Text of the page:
Sometimes SQL code gets really complicated! We can’t always do everything we want in one neat statement. Before we delve into deleting data, we’re going to take a break and look at one of the trickier SQL concepts that we’ll use on a regular basis.

What Is a Subquery?

A subquery is essentially an imaginary table. We can create a SQL query that logically groups data and then use it as part of another query as if it were a table. Subqueries can get kind of difficult to read, but they are completely essential to certain processes. For instance, our next obvious goal is learning how to delete data from SQL. Without knowing how to use subqueries, deleting data can get very confusing. Let’s take a look at some of the ways we use subqueries and look at some SQL examples.

Subqueries In Place of a Table

Subqueries

Here’s our data model for the Class database we’ve been using. Let’s say we need to look at what teachers have classes with what students. Figuring this out involves every table in our data model. We could simply start joining them all together, but we might make a mistake creating so many joins. Instead, let’s break them up into two separate subqueries. We’ll start with making a query that gives us the Class Name, Class ID and teacher’s first and last name.

SELECT ClassID, ClassName, Teachers.FirstName, Teachers.LastName
FROM Classes
INNER JOIN ClassInstance
ON Classes.ClassID = ClassInstance.ClassID
INNER JOIN Teachers
ON ClassInstance.TeacherID = Teachers.TeacherID

This query will show us what teachers teach what classes. We also have the ClassID, which will be handy for comparing with the list of what students are in each class. We’ll start by most basic subquery:

SELECT * 
FROM ( SELECT ClassID, ClassInstanceID, ClassName, Teachers.FirstName, Teachers.LastName
FROM Classes
INNER JOIN ClassInstance
ON Classes.ClassID = ClassInstance.ClassID
INNER JOIN Teachers
ON ClassInstance.TeacherID = Teachers.TeacherID
) TeachersClasses
 

This query returns the exact same thing as the one above. As you can see, instead of supplying a table in our FROM clause, we put an entire query in its place! We also gave our query a name TeacherClasses. We can now use this subquery the same way we’d use a real table. You might be asking why anyone would want to do this? We’re about to see a great reason in the next section.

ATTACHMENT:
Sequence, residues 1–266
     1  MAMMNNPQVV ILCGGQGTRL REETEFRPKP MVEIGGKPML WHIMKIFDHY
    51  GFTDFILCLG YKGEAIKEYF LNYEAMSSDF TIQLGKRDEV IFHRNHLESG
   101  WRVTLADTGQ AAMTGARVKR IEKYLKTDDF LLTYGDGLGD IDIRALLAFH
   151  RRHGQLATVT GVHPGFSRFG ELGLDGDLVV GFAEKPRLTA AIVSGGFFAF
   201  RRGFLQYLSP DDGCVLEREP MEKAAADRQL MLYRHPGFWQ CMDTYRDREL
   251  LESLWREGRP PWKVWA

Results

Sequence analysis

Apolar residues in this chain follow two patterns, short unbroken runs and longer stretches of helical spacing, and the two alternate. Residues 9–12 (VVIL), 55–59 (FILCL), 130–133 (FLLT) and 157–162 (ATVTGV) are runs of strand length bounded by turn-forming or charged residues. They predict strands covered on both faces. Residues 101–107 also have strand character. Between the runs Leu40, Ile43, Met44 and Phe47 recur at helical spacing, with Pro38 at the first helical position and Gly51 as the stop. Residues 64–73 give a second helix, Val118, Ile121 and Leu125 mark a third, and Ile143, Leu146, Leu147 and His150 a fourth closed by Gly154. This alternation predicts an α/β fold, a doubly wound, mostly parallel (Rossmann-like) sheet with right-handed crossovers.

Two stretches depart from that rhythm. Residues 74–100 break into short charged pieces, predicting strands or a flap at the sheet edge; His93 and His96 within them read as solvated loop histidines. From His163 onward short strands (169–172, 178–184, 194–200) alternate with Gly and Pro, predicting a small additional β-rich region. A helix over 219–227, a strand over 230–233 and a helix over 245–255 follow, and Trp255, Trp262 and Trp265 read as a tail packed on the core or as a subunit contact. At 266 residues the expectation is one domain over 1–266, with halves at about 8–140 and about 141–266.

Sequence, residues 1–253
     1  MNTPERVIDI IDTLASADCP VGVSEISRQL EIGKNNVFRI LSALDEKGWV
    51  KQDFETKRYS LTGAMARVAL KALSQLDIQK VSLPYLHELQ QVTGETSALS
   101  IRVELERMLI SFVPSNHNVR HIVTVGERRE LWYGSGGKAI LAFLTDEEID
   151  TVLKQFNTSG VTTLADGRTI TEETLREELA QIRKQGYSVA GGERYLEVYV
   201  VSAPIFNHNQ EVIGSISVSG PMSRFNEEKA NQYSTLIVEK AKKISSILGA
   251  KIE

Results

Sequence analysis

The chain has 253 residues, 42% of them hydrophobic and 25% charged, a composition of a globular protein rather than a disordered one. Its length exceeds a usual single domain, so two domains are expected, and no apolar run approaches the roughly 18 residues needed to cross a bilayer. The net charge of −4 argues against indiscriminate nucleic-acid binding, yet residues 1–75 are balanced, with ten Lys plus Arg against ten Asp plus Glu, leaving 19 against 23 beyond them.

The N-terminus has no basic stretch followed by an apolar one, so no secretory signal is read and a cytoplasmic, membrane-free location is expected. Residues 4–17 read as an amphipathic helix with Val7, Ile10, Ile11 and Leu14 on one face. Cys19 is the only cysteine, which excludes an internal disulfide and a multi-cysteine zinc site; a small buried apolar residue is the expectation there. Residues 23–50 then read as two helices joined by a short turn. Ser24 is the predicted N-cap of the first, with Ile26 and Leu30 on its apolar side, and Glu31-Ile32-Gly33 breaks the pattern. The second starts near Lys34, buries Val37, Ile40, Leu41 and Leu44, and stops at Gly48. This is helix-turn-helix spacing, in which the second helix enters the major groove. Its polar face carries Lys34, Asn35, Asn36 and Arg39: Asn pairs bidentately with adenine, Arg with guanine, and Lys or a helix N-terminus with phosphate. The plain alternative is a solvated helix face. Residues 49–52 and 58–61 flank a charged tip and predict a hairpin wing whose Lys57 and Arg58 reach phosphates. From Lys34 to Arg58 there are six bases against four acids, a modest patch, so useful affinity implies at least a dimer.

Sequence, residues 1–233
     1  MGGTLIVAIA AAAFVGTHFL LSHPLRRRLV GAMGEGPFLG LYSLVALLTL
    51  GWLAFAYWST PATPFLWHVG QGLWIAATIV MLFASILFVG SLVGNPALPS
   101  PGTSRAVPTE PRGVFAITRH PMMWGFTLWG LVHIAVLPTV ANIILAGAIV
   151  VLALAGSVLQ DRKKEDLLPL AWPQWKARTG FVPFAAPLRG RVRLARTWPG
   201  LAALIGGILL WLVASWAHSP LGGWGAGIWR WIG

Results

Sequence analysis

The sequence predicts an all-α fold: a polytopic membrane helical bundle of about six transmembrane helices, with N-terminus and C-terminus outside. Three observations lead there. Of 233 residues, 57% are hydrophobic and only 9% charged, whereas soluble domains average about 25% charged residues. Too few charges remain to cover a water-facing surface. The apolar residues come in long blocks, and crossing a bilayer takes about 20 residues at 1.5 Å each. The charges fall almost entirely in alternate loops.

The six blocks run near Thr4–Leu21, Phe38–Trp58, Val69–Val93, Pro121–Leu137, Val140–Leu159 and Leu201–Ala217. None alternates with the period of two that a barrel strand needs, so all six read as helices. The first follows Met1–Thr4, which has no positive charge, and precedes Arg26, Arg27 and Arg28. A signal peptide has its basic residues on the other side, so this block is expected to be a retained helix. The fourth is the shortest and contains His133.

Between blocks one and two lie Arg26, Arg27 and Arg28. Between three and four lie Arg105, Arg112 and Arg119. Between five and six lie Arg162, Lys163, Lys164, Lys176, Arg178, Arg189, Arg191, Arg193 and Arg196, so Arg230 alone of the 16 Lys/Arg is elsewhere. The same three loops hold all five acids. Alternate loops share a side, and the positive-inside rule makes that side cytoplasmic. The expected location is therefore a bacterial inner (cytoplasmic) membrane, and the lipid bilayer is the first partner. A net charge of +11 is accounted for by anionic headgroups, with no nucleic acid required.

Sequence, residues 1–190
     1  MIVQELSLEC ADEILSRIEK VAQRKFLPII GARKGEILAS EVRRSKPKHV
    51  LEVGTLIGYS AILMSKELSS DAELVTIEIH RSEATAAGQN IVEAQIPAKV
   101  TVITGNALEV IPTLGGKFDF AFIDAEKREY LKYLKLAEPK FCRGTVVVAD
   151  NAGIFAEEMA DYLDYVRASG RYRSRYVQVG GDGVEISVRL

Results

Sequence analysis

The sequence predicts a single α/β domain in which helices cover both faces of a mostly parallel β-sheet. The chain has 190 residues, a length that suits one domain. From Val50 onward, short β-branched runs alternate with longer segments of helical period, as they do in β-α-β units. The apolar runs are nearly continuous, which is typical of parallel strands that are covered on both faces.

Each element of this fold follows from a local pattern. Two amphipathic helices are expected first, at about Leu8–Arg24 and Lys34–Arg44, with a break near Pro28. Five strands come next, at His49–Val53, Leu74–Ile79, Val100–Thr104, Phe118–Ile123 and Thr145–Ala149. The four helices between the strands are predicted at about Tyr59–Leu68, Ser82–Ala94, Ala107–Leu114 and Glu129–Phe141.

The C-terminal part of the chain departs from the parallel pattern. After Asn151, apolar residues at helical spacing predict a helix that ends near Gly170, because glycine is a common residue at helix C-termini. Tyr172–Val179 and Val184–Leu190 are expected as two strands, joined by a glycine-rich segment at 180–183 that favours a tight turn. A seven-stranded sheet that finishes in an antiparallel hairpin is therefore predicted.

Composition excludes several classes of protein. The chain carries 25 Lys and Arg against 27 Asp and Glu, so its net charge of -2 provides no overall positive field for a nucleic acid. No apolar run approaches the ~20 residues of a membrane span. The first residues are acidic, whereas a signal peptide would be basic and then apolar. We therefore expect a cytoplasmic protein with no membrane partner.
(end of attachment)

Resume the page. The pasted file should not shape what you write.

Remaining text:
Subqueries With Joins

The subquery comes in very handy when you want to combine two queries as if they were tables. In our example above, we now have half the equation. We have a query that shows us what Teachers teach what Classes. Now, we need to figure out how to join students up to the right teachers.

Let’s begin with a separate query. Once we know we have two working subqueries, we can combine them and move forward:

SELECT StudentClasses.ClassInstanceID, Students.FirstName, Students.LastName
FROM StudentClasses
INNER JOIN Students
ON StudentClasses.StudentID = Students.StudentID

This query gives us the ClassInstanceID and the name of the student. We don’t really need to join to Class since we already have the class name in our other query. Since we’re now sure our two queries are returning the right data, we can join them together.

SELECT TeachersClasses.ClassName, TeachersClasses.FirstName, TeachersClasses.Lastname, StudentClasses.FirstName, StudentClasses.LastName
FROM ( SELECT ClassID, ClassInstanceID, ClassName, Teachers.FirstName, Teachers.LastName
FROM Classes
INNER JOIN ClassInstance
ON Classes.ClassID = ClassInstance.ClassID
INNER JOIN Teachers
ON ClassInstance.TeacherID = Teachers.TeacherID
) TeachersClasses
INNER JOIN ( SELECT StudentClasses.ClassInstanceID, Students.FirstName, Students.LastName
FROM StudentClasses
INNER JOIN Students